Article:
I have family members who have experienced benefits from gluten free diets, but don't want to give it up altogether, for various reasons.  Does cutting back-- say, not eating bread but not actively eliminating gluten from all your food choices-- have lesser but similar effects?

  • Anonymous

    12/17/2010 7:55:34 PM |

    Thank you so much Dr. Davis.  You have confirmed our worst fears that seemingly "healthy" wheat is actually a form of subtle malnutrition.  Please mention that it is the gluten that causes the problems.  Not in the allergic sense, but by blocking the important nutrients from fruits and veggies to vitamins and minerals.  Gluten forms a mucoid plaque which covers the small intestine thus causing subtle malnutrition and is therefore responsible for dozens of illnesses.

  • James

    1/18/2011 8:13:42 PM |

    I have given up wheat because of its effects on myself including acid reflux, rapid heart beat, irritated hemmoroids.  

    All of the effects you have mentioned have been documented as far back as 1995.  This is especially true of RA. I remember articles in the nutrition press stating that wheat was one of the triggers for RA. Thanks for all the information.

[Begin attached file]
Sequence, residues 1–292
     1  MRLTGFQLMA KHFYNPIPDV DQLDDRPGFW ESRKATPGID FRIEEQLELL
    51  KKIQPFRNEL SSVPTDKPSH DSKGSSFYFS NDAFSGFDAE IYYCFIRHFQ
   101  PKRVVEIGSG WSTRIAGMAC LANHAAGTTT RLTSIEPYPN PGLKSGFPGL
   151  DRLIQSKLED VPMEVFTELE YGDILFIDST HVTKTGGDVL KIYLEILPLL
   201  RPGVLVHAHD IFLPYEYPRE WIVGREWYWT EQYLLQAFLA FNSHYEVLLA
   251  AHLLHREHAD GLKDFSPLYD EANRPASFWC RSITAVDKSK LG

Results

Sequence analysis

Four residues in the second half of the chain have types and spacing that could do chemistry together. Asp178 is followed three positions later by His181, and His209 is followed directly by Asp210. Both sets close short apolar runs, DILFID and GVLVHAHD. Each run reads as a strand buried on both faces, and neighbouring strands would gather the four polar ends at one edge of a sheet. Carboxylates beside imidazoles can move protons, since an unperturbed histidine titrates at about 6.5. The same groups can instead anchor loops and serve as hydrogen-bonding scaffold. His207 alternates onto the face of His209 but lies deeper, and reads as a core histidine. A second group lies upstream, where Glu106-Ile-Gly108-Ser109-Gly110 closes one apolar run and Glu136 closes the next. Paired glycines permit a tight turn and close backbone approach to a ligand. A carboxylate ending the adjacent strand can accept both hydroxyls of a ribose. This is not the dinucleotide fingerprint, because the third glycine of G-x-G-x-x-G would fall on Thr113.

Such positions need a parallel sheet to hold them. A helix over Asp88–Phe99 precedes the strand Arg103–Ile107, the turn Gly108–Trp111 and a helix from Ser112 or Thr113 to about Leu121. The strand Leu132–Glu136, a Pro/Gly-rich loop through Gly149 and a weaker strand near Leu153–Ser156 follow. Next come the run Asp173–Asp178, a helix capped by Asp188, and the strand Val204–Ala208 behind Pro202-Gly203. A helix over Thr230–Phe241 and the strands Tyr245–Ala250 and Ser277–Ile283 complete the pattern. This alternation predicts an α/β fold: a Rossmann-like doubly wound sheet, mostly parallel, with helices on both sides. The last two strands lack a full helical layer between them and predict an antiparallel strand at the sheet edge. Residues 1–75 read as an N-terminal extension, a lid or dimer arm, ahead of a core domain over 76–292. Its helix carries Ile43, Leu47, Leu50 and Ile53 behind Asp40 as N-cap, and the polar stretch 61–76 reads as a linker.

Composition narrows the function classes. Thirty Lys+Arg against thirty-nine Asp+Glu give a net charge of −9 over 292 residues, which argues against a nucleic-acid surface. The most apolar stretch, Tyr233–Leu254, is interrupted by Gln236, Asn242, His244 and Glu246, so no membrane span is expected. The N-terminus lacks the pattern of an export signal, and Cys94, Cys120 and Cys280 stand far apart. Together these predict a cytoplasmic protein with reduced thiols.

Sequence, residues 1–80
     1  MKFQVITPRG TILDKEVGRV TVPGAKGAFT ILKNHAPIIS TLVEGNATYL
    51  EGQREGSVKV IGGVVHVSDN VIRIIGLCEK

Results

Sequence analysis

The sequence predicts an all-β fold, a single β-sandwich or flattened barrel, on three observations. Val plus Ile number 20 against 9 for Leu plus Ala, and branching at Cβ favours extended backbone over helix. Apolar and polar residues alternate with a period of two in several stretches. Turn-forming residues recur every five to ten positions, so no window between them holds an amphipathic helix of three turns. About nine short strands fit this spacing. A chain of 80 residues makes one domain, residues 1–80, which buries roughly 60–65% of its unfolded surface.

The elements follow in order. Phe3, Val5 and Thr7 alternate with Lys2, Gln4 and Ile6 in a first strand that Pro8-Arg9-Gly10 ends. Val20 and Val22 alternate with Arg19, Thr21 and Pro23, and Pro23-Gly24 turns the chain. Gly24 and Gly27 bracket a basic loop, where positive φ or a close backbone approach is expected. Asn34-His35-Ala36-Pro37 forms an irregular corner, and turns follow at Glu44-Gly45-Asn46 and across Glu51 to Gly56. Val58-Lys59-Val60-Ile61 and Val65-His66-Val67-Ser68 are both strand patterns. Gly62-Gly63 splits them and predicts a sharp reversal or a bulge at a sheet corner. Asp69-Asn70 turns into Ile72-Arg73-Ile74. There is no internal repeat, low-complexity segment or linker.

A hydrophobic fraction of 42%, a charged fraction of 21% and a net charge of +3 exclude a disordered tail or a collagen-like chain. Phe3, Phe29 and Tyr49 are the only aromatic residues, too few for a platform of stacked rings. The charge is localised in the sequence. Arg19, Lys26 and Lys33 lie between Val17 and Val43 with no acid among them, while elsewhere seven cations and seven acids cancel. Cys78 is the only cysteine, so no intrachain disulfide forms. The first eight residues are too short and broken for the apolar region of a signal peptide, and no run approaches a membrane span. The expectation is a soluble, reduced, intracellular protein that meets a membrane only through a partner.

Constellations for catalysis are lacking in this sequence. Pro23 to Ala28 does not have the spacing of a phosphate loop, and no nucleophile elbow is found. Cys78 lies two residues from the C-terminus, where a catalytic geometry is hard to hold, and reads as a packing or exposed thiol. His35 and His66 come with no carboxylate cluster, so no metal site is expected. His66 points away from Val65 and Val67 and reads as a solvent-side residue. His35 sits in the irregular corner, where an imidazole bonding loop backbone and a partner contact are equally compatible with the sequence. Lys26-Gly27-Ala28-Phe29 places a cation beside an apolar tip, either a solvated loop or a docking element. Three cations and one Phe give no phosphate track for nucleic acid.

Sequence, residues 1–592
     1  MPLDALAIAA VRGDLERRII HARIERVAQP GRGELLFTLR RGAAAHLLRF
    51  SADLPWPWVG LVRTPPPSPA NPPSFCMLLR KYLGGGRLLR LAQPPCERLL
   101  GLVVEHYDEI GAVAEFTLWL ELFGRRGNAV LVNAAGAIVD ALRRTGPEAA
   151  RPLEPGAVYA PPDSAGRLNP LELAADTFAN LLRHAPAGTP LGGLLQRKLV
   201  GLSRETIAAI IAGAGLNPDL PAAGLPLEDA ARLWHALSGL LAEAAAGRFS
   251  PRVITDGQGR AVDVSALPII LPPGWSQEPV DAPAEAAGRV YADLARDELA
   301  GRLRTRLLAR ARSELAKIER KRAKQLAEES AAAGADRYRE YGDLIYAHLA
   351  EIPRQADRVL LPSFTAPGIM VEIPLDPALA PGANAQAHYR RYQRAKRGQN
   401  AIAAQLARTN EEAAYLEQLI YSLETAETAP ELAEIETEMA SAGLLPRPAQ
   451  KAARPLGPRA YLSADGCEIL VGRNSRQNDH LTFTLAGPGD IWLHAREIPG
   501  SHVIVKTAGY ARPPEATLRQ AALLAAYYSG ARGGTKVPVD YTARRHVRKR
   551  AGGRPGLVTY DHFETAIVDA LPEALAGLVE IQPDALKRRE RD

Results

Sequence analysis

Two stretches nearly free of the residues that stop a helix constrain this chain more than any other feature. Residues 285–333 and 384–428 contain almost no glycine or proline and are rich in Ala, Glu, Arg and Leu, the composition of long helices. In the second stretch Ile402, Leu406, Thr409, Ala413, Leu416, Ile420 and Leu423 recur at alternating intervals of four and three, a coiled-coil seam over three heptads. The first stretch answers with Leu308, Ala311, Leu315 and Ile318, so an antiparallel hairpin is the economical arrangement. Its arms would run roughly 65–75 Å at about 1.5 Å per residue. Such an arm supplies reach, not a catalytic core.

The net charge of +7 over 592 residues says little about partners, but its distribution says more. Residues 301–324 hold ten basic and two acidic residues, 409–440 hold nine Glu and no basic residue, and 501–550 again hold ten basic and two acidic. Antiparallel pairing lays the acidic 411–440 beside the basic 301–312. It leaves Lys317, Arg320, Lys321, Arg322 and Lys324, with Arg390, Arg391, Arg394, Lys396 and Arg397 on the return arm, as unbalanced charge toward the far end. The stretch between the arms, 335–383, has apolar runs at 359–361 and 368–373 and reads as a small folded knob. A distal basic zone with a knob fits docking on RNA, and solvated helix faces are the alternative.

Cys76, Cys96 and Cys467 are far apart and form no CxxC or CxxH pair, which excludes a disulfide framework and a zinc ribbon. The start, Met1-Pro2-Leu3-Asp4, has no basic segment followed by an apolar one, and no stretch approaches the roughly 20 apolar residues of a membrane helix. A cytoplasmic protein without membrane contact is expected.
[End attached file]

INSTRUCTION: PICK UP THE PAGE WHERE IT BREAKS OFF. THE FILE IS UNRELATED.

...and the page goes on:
• Ravi

    2/9/2011 5:28:47 PM |

    Hello Dr. Davis,

    We would like to invite you to summit your exceptional posts to our new ParadigmShift BlogShare at DaiaSolGaia.  
    Please check it out! Thank you.

  • Ravi

    2/9/2011 5:30:25 PM |

    ... fingers: type "submit"... thank you. Wink

  • Pixie

    3/11/2011 10:59:55 PM |

    I wish this was the case for me.  I have suffered with IBS for 27 years.  I have gone on gluten elimination diets for up to 30 days twice in the past 15 years with no change.  Incorporating it back in, the only thing I noticed was a little bit of heartburn if I had wheat in the morning. I've tested negative for Celiac's and wheat allergies.
    I'm not saying your are wrong. But for me a wheat free diet was no cure for IBS.  Frown  (I WISH!)